This month's waste age contains several stories about the intersection between global warming concerns and the solid waste industry. I suspect that we will be seeing much more of these kinds of pieces in the future, as the political will to address global warming continues to build on the local, state and federal levels.
On p. 6, our lead Tip Off story details comments submitted by the Solid Waste Association of North America (SWANA) to U.S. Rep. John Dingell, D-Mich., chairman of the U.S. House Committee on Energy and Commerce. The comments are intended to provide recommendations from the solid waste industry as Congress begins to consider ways to control greenhouse gas (GHG) emissions. While stating that the industry already has achieved significant emission reductions, SWANA says that “even greater GHG reductions” can happen by way of “more extensive energy recovery and recycling of municipal solid waste.”
Also in Tip Off, on p. 10, is a piece about how the Lancaster County (Pa.) Solid Waste Management Authority, through its membership in the Chicago Climate Exchange, recently traded GHG emission reduction credits to an organization in the United Kingdom. Another Tip Off article examines the total conversion to alternative fuels by the subsidiaries of Norcal Waste Systems that service San Francisco.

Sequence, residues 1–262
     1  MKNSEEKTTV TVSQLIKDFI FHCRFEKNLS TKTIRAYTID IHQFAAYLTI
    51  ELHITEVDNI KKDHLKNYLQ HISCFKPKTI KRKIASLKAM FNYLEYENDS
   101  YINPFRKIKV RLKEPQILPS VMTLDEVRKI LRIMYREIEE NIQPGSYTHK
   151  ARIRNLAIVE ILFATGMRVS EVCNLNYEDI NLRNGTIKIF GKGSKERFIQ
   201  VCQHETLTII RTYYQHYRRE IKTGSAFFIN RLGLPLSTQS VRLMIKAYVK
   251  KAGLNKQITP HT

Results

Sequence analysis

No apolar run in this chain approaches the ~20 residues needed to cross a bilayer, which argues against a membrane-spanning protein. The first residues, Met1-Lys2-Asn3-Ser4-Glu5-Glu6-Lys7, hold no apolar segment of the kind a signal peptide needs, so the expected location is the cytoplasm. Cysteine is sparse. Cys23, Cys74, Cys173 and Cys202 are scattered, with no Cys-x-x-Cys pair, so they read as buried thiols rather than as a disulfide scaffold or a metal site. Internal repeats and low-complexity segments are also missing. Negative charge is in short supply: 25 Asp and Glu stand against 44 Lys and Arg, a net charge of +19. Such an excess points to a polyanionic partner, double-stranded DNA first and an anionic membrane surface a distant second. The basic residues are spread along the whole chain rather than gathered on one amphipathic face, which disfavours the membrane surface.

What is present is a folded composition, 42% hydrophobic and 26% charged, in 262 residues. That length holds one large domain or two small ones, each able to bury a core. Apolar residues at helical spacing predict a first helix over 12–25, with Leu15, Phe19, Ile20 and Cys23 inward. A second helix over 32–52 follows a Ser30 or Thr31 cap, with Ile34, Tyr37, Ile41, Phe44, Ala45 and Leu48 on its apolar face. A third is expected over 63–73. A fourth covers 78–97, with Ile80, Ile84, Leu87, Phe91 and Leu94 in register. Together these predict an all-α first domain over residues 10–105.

Each month, it seems, we come across evidence that the industry is growing ever more concerned about the health of the planet. In last month's issue, new Veolia ES Solid Waste CEO Richard Burke told Waste Age of his desire to further embrace environmentally friendly practices. “We need to get ‘greener’ as an industry and also as a business,” he said. “So, I'm looking at some emerging technologies: biodiesel to cut down on carbon emission, hybrid trucks. We have to figure out at what point we jump into the mix and begin to integrate those into our business.”
Also, David Steiner, CEO of Waste Management, is part of a group of Fortune 500 business executives and retired senior military officials who are urging the federal government to reduce the nation's dependence on foreign oil by, among other things, providing financial incentives for the production and purchase of more fuel-efficient vehicles and encouraging the growth of demand for biofuels.
Future legislative efforts to curb GHG emissions and promote the use of alternative energy may understandably focus on the automobile industry and power plants. However, the solid waste industry has an important role to play in reshaping the way our nation consumes and uses its natural resources.
After years of keeping our communities tidy and healthy, it's time for our industry to help clean up our planet in another way.
The author is the editor of Waste Age